Judging by audience response to PBS new children’s show, Zoom may turn into the kind if household word television hasn’t heard since the halcyon days of Uncle Milty.
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The Banana Splits Adventure Hour lasted only 31 episodes, but its funky psychedelia had a lasting impact. Take a look – and a listen!
Here Come The Brides was an hour-long comedy/Western TV series set in Seattle in the 1870s about a family of loggers who brought in 100 women as potential brides. The show launched Bobby Sherman and David Soul as teen idols.
‘All in the Family’ was a huge hit TV show that aired on CBS from 1971 to 1979, and was number 1 in the Nielsen ratings from 1971 to 1976. Find out about the series here, and see the famous opening credits, too!
Somewhere in that golden haze after Sesame Street, there was a little TV show called New Zoo Revue. Take a look back to that oh-so-retro kids’ show here!
Combining Southern icons like moonshine running, muscle cars, car chases and country music, The Dukes of Hazzard TV series ran for seven seasons between 1979 and 1985. Rewind and remember the show here!
There were only 17 episodes made of H. R. Pufnstuf, but the kitschy kiddie TV show earned its cult status through reruns that aired through the ’70s and into the ’80s. Here’s a look back!
The Love Boat sailed from ABC into American homes for nine seasons, from 1977 until 1986. The hour-long dramedy/sitcom was a favorite of viewers and critics alike – so come remember it here!
Let’s look back at the popular sitcom The Facts of Life – meet the actresses, hear that catchy theme song one more time, and get the lyrics for the hit show’s opening credits!
Sesame Street started in 1969 as a daily TV show for preschoolers, featuring a street filled with puppets and humans who told stories, sang and danced.
Moonlighting was a hit TV comedy/detective drama in the ’80s, starring Bruce Willis and Cybill Shepherd as an unlikely private investigator duo.
‘The Odd Couple’ TV show recounted the experiences of Felix Unger (Tony Randall) and Oscar Madison (Jack Klugman), two of Neil Simon’s most endearing and enduring characters.
Say, kids, what time is it? Kids: It’s Howdy Doody Time! First gracing the airwaves in 1947, marionette Howdy Doody was a pioneer of American TV programming.
Find out about The Muppet Show, an all-family comedy-musical-variety TV series from the ’70s & ’80s, and see the opening credits and theme song lyrics here!
Happy Days starred Ron Howard as Richie Cunningham and Henry Winkler as Fonzie, and showed life in 1956 – or at least the 1956 some like to believe existed.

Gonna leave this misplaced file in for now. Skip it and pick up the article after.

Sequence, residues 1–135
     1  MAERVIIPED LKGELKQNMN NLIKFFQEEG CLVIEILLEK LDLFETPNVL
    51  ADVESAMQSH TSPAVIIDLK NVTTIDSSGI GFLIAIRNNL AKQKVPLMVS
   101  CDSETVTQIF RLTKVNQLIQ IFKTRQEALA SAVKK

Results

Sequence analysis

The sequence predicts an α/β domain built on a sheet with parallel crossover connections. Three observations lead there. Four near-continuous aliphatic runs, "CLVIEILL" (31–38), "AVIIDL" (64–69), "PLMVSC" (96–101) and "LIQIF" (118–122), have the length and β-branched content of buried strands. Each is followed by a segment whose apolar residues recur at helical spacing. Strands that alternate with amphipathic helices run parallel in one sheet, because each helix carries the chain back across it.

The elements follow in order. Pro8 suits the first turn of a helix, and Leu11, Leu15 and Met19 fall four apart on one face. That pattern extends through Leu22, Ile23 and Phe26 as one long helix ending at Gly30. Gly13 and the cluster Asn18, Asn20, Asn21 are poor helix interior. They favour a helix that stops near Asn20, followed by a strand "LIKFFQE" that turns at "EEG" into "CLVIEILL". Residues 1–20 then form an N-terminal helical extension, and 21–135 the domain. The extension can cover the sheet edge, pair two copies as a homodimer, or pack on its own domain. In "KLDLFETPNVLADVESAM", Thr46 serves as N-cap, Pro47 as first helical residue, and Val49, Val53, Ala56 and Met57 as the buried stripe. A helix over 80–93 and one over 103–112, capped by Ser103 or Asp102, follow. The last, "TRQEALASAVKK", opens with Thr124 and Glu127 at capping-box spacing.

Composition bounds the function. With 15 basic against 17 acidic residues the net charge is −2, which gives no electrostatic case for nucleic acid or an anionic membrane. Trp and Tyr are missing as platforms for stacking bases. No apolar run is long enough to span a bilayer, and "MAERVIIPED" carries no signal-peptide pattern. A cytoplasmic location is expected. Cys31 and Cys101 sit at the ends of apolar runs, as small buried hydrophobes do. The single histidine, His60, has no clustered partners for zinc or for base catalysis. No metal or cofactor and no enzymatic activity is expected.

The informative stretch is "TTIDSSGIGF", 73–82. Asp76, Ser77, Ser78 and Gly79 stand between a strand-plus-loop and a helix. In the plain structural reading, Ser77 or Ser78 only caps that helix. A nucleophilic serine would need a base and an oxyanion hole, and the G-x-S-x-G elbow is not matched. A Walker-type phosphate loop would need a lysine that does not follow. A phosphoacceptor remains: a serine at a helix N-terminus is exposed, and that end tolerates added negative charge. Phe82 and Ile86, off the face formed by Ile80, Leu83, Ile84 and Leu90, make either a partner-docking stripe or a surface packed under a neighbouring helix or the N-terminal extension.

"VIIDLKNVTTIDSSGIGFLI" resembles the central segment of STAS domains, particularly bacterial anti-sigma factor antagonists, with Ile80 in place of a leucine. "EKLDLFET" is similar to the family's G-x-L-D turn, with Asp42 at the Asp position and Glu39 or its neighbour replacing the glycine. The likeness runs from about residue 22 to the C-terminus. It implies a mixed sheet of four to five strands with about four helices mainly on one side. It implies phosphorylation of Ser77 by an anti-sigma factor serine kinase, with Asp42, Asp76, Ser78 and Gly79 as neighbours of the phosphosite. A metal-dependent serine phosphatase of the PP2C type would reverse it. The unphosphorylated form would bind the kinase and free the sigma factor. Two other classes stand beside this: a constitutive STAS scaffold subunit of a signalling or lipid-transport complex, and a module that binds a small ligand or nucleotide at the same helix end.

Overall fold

The first ‘children’s liberation’ album, ‘Free To Be… You And Me’ – featuring stars like Marlo Thomas, Mel Brooks, Harry Belafonte, Alan Alda, Diana Ross and Shirley Jones – was catchy, upbeat, and like nothing else, and by 1976, had sold half a million copies.
In the Brady Bunch family’s home-screen-home, the comedic power of the classic TV show came from combining a zany maid, two grown-ups, six kids, a dog and a cat.
After moving to a new house, a man named Wilbur finds the previous owner left behind a horse. It’s Mister Ed, a talking horse! But Ed will talk only to Wilbur, meaning confusion and hijinks soon ensue.
Gilligan’s Island was the hit sitcom that ran for a total of 98 episodes over three seasons – from 1964 to 1967. Find out more about the show and sing along to the theme song here!
The Addams Family TV series portrayed the everyday life of one kooky and spooky family. Although the show had a huge impact on pop culture, it only ran for two seasons – from 1964 to 1966. Meet the cast and hear the snappy theme here!
The new comedy series is a story of a mountain family who suddenly finds itself with $25 million after oil is found on its property, and then moves to Beverly Hills, California. See the opening credits, hear the theme song, and get the lyrics here!
It would be hard to find anyone between the ages of 30 and 50 who didn’t watch Mister Rogers’ Neighborhood as a kid. And there’s a good reason for that.
Ask Bea Arthur how she resembles ‘Maude,’ the female chauvinist she plays on TV, and the stately, gray-haired actress lays it on the line – just like Maude.
Come ride the little train that is rolling down the tracks to Petticoat Junction – and the Shady Rest Hotel – in this classic TV sitcom from the sixties!
Good Times aired from February 1974 through August 1979. Developed by Norman Lear, it was a spin-off of Maude, which was an All in the Family offshoot.
The Flintstones TV cartoon sitcom ran for 6 seasons in the ’60s. Find out how the story began, plus see the opening credits & the catchy theme song lyrics!
Laverne & Shirley ran on ABC from January 27, 1976 to May 10, 1983. The comedy starred Penny Marshall as Laverne De Fazio, Cindy Williams as Shirley Feeney, as well as Michael McKean and David L Lander as Lenny & Squiggy.
Gary Coleman stars as Arnold, a street-wise youth from Harlem, who is adopted by a white millionaire and becomes confused and suspicious about his sudden change of fortune on the comedy series, Diff’rent Strokes.
Perhaps the biggest surprise of the 1985 TV season is the success of ABC’s “Growing Pains,” a family sitcom starring former talk-show host Alan Thicke as psychiatrist Jason Seaver.
The Courtship of Eddie’s Father was a TV sitcom about a widower and his son, Eddie that debuted in 1969. The memorable theme song was by Harry Nilsson.
The television sitcom Cheers ran on NBC from September 30, 1982 until May 20, 1993 — that’s 11 seasons, and a total of 275 half-hour episodes. Here, see the Cheers theme song from the opening credits, plus the song lyrics, along with a little look back to 1993, at the end of the show’s run.
For six seasons and 170 episodes, the sitcom “Green Acres” aired on national TV. This was yet another take on the fish-out-of-water trope — but